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Surface soil. The A, E, AB, and EB horizons, considered collectively. It includes all subdivisions of these horizons. Talus. Fragments of rock and other soil material accumulated by gravity at the foot of cliffs or steep slopes. Taxadjuncts. Soils that cannot be classified in a series recognized in the classification system. Such soils are named for a series they strongly resemble and are designated as taxadjuncts to that series because they differ in ways too small to be of consequence in interpreting their use and behavior. Soils are recognized as taxadjuncts only when one or more of their characteristics are slightly outside the range defined for the family of the series for which the soils are named. Terminal moraine. A belt of thick glacial drift that generally marks the termination of important glacial advances. Terrace. An embankment, or ridge, constructed across sloping soils on the contour or at a slight angle to the contour. The terrace intercepts surface runoff so that water soaks into the soil or flows slowly to a prepared outlet. A terrace in a field generally is built so that the field can be farmed. A terrace intended mainly for drainage has a deep channel that is maintained in permanent sod. Terrace (geologic). An old alluvial plain, ordinarily flat or undulating, bordering a river, a lake, or the sea. Texture, soil. The relative proportions of sand, silt, and clay particles in a mass of soil. The basic textural classes, in order of increasing proportion of fine particles, are sand, loamy sand, sandy loam, loam, silt loam, silt, sandy clay loam, clay loam, silty clay loam, sandy clay, silty clay, and clay. The sand, loamy sand, and sandy loam classes may be further divided by specifying “coarse,” “fine,” or “very fine.” Thin layer (in tables). Otherwise suitable soil material that is too thin for the specified use. Till plain. An extensive area of nearly level to undulating soils underlain by glacial till. Tilth, soil. The physical condition of the soil as related to tillage, seedbed preparation, seedling emergence, and root penetration.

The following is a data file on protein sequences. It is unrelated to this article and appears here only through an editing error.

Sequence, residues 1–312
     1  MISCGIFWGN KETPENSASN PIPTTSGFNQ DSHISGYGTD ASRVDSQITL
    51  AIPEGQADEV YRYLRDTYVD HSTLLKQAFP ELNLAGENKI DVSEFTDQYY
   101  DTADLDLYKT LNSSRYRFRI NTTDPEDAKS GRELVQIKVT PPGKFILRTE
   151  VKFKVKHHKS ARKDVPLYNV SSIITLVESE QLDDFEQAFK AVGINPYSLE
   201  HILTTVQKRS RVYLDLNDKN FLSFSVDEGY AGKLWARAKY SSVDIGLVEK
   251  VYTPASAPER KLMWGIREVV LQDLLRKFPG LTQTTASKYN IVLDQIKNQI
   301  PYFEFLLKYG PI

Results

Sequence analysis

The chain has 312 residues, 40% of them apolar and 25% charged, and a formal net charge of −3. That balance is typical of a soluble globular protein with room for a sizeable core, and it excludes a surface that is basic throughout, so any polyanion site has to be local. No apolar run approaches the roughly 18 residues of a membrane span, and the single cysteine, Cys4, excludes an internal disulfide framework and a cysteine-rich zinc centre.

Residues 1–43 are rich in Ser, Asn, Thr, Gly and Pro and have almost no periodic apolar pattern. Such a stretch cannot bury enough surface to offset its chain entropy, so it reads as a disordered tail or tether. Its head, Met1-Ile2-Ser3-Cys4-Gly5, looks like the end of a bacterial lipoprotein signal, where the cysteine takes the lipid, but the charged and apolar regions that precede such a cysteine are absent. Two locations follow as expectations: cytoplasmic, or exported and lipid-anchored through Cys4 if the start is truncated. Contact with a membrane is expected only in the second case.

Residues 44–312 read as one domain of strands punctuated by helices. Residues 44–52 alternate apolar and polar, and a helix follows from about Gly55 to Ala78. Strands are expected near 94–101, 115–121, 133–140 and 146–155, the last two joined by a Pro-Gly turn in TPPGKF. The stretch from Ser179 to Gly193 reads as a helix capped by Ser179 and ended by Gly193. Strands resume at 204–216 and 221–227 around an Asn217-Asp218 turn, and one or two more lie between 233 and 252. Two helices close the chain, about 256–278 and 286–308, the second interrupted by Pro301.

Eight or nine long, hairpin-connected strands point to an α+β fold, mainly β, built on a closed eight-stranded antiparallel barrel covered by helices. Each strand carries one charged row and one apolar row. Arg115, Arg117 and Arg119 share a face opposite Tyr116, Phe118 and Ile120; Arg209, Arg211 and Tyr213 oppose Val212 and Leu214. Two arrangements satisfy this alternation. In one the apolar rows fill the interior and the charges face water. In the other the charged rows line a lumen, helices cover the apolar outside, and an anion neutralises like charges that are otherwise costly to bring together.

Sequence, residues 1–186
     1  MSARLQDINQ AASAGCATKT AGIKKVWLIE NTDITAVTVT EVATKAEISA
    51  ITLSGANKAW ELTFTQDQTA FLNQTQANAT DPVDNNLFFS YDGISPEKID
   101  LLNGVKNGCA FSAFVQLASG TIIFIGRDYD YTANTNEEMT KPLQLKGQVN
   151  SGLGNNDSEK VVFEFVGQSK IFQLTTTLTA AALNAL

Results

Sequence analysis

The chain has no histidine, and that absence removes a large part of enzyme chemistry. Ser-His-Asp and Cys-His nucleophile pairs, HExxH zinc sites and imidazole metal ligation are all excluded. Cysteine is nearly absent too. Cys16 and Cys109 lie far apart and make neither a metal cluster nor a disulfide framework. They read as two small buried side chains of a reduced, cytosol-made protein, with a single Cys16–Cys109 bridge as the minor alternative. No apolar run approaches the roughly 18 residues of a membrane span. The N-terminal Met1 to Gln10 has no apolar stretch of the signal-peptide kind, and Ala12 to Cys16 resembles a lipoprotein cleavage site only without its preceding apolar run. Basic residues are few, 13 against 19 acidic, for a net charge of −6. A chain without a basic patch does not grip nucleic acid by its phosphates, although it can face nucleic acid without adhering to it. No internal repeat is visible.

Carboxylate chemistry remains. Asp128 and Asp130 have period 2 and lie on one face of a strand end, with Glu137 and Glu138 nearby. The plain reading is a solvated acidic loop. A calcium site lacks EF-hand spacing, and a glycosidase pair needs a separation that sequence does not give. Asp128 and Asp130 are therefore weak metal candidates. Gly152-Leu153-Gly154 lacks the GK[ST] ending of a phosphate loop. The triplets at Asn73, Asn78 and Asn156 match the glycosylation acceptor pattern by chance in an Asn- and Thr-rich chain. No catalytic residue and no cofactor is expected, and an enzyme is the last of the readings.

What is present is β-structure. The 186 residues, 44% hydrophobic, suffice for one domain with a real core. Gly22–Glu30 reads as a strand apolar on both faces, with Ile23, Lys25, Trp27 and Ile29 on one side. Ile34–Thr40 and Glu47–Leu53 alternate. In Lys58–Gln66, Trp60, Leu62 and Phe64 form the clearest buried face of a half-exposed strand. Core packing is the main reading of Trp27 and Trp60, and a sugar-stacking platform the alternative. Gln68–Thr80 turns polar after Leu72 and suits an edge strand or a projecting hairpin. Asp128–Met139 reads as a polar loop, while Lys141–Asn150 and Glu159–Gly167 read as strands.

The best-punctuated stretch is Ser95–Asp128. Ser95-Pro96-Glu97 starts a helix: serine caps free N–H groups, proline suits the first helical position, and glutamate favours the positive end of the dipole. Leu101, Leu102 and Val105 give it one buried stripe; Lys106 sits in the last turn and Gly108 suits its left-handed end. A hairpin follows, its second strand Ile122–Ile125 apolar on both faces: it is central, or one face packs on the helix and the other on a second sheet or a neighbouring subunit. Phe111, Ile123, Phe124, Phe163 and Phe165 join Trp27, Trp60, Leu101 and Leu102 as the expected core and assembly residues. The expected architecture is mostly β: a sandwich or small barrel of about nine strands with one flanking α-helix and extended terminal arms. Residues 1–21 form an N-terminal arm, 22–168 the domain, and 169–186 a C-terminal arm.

Toeslope. The position that forms the gently inclined surface at the base of a hillslope. Toeslopes in profile are commonly gentle and linear and are constructional surfaces forming the lower part of a hillslope continuum that grades to valley or closed-depression floors. Topsoil. The upper part of the soil, which is the most favorable material for plant growth. It is ordinarily rich in organic matter and is used to topdress roadbanks, lawns, and land affected by mining. Trace elements. Chemical elements, for example, zinc, cobalt, manganese, copper, and iron, in soils in extremely small amounts. They are essential to plant growth. Upland. Land at a higher elevation, in general, than the alluvial plain or stream terrace; land above the lowlands along streams. Valley fill. In glaciated regions, material deposited in stream valleys by glacial meltwater. In nonglaciated regions, alluvium deposited by heavily loaded streams. Variegation. Refers to patterns of contrasting colors assumed to be inherited from the parent material rather than to be the result of poor drainage. Water bars. Smooth, shallow ditches or depressional areas that are excavated at an angle across a sloping road. They are used to reduce the downward velocity of water and divert it off and away from the road surface. Water bars can easily be driven over if constructed properly. Weathering. All physical and chemical changes produced in rocks or other deposits at or near the earth’s surface by atmospheric agents. These changes result in disintegration and decomposition of the material. Well graded. Refers to soil material consisting of coarse grained particles that are well distributed over a wide range in size or diameter. Such soil normally can be easily increased in density and bearing properties by compaction. Contrasts with poorly graded soil. Wilting point (or permanent wilting point). The moisture content of soil, on an ovendry basis, at which a plant (specifically a sunflower) wilts so much that it does not recover when placed in a humid, dark chamber. Windthrow. The uprooting and tipping over of trees by the wind.

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Tables

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157